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The Motorcycle Diaries
DVD disk
Mar 1, 2005 By: Scott Weinberg
The Motorcycle Diaries order
Director:
Walter Salles

Actors:
Gael Garcia Bernal
Rodrigo De la Serna
Mercedes Moran

Rating:
Movie:
Extras:
Overall:

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WHAT'S IT ABOUT?
Years before he become the leader of the Cuban Revolution, a young Ernesto "Che" Guevara took a road trip with his pal Alberto Granado. They covered 5,000 miles in four months...on the back of a rickety old motorcycle. Their goal was simply to 'discover' their own homeland (and meet some ladies in the process), but they ended up discovering a whole lot more than that.
IS IT A GOOD MOVIE?
In a time when so many "biopics" are nothing more than freshly-scrubbed and predictable love-fests, it's great to see a film like this, one that digs back into a famous person's youth and helps to explain HOW he became so influential. Most modern biography movies just rattle through all the stuff we KNOW already - and then they cap all the drama off with a nice little tear-jerky finale. But Walter Salles' movie isn't interested in repeating all the stuff you can read in any encyclopedia.

Put aside what you know (or think you know) about Che Guevara and his impact on Latin American politics. Forget, for just a few hours, that your own political beliefs may contradict what Che was all about. This is not a movie that really cares whether or not you admire the man that Guevara ultimately became; this is a movie about how one restless young man, with the help of a wise and devoted friend, discovered his life's true calling while puttering through the Latin landscape on a decrepit old motorbike.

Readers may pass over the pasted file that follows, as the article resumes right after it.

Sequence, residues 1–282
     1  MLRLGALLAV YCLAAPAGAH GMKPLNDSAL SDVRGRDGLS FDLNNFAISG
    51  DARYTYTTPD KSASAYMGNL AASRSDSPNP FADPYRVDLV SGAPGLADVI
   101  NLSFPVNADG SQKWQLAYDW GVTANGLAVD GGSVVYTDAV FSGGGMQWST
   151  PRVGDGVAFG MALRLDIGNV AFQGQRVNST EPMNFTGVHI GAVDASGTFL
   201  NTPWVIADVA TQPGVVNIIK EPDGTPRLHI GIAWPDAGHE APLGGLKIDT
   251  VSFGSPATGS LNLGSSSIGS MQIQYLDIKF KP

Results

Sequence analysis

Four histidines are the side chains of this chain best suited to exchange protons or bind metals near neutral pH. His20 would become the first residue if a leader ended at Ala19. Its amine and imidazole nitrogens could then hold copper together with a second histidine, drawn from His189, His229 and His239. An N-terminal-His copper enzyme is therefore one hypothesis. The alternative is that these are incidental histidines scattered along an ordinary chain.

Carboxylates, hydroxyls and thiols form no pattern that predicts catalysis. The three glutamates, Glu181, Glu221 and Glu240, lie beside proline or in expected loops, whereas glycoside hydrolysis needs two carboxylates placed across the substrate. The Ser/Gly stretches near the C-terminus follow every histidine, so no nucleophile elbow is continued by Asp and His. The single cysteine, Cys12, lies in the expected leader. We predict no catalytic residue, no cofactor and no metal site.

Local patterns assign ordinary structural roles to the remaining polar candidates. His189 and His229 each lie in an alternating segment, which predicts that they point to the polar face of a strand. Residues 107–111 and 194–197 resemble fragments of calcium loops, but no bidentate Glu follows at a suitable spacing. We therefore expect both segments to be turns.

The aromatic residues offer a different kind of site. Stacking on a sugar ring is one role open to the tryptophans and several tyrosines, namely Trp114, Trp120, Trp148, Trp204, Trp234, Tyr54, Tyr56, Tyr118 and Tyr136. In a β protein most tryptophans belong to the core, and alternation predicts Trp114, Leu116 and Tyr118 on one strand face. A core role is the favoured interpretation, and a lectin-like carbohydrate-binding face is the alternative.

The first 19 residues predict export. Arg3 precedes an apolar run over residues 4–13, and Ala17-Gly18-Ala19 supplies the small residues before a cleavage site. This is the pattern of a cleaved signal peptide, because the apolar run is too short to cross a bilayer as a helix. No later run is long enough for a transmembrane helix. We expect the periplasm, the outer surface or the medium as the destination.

But if all this stuff sounds dry and kinda history-class-ish, then I'm not describing the film adequately. THE MOTORCYCLE DIARIES is sweet and sincere; it's heartfelt and periodically quite funny; it works as a crafty character study, as an entertaining "road movie," and as a historical document - only it's not at all dry or textbooky. The two leads are pitch-perfect, Salles brings a masterful touch to the visual side of the equation, and, as a whole, the movie is just supremely satisfying. Even if the subject matter seems like something that's just not "up your alley," trust me on this one: THE MOTORCYCLE DIARIES is a seriously great movie.
THE EXTRAS
Deleted Scenes: Three cut scenes that run about 9 minutes combined.

A Moment with Alberto Granado: A brief-yet-kinda-poignant visit with the real-life Alberto Granado as he remembers his old friend Ernesto.

Making of The Motorcycle Diaries: A 22-minute featurette that offers behind-the-scenes info and a historical reference point for the film. Though this is essentially an "intro to the movie" sort of EPK, it's extremely well-produced and full of fascinating tidbits nonetheless.

A Moment with Gael Garcia Bernal: A very brief interview segment from the Telemundo network.

"Take One" with Gael Garcia Bernal: Another snippet of television interview with the celebrated young actor.

Music of the Road: An Interview with Composer Gustavo Santaolalla: A third mini-interview with the film's composer.

Cast and Filmmakers: Text info on the various cast and crew members behind The Motorcycle Diaries.
FINAL DIAGNOSIS
There are the foreign-historical-type movies that elicit snoozes right out of the gate, but THE MOTORCYCLE DIARIES will consistently surprise you at every turn. This is the kind of "gateway" movie that helps to make foreign films more popular across the board. It's just that good.
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